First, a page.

Well, I've read chapters 1 through 5, and I suppose this is what it sounds like when you get a walking encyclopedia talking. Even though it's, in a way, the print equivalent of having your favorite actor reading the phone book (which I expected going in -- the format itself suggests as much), it's addictively compelling, and I am racing through this book much more than I expected I would. I also know I'll be revisiting it often for reference in the future.
When reading the chapters on the beginning of the Golden Age and on the Great Detectives, I also dipped into Edwards's Golden Age of Murder for further background, "met" the members of the Detection Club ... and learned that Ngaio Marsh was not a member (which I admit I'd heretofore taken almost for granted she was), but rather, "dined for weeks" on the experience of her one invitation to a Detection Club dinner.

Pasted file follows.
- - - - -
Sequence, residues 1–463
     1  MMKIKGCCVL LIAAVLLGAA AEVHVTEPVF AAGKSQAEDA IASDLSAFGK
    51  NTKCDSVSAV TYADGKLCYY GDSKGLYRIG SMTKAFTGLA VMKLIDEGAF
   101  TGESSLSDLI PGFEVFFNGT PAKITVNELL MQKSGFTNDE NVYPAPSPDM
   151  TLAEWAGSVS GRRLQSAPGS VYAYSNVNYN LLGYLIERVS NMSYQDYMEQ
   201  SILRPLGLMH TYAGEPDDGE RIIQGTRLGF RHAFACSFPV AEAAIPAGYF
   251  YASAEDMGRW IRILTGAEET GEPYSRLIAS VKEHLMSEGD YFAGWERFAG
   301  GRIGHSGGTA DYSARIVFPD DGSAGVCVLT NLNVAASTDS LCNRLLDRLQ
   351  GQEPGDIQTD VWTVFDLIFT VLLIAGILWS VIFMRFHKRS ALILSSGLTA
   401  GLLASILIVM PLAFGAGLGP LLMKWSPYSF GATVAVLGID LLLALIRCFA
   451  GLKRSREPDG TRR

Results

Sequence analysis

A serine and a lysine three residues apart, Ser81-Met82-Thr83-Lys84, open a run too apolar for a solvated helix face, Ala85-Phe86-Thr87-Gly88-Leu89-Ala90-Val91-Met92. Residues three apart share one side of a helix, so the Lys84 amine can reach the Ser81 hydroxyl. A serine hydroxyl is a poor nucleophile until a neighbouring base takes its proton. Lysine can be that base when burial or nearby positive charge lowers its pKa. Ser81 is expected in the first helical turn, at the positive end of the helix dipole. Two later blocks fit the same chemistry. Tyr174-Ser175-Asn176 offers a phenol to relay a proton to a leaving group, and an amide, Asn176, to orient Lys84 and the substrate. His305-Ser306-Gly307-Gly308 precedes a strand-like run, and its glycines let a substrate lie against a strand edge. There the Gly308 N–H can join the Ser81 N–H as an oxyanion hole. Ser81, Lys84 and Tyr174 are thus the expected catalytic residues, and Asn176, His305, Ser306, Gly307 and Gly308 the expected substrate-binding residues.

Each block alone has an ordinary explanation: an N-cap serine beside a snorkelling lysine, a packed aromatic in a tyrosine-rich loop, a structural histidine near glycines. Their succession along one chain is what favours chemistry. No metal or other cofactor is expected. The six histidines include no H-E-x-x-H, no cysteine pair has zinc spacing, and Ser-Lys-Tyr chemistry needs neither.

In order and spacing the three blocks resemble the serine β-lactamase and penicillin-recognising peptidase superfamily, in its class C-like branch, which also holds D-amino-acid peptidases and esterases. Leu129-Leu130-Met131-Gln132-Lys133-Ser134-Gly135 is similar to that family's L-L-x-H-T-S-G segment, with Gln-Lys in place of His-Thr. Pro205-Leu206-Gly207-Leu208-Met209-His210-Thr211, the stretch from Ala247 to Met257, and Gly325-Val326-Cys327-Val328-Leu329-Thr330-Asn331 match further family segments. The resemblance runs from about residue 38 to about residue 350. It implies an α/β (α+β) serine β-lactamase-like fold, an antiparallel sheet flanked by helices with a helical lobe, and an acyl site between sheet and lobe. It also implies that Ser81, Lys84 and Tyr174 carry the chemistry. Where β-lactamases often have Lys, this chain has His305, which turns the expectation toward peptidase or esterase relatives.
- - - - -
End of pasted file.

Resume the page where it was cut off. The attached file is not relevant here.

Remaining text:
Incidentally, for those who are interested, I've created a reading list for the "100 [main] Books" presented by Martin Edwards in "The Story of Classic Crime" here:
I've also started a listing of the other books mentioned by way of further reference in the individual chapters. As Edwards easily manages to toss in an average of 20+ extra books per chapter, I've decided to break up the "other books mentioned" listing into several parts, with the first list going up to the end of chapter 5 (i.e., as far as I've read at present):
I'm reading The Story of Classic Crime for the free (center / raven) bingo square, as well as by way of a buddy read.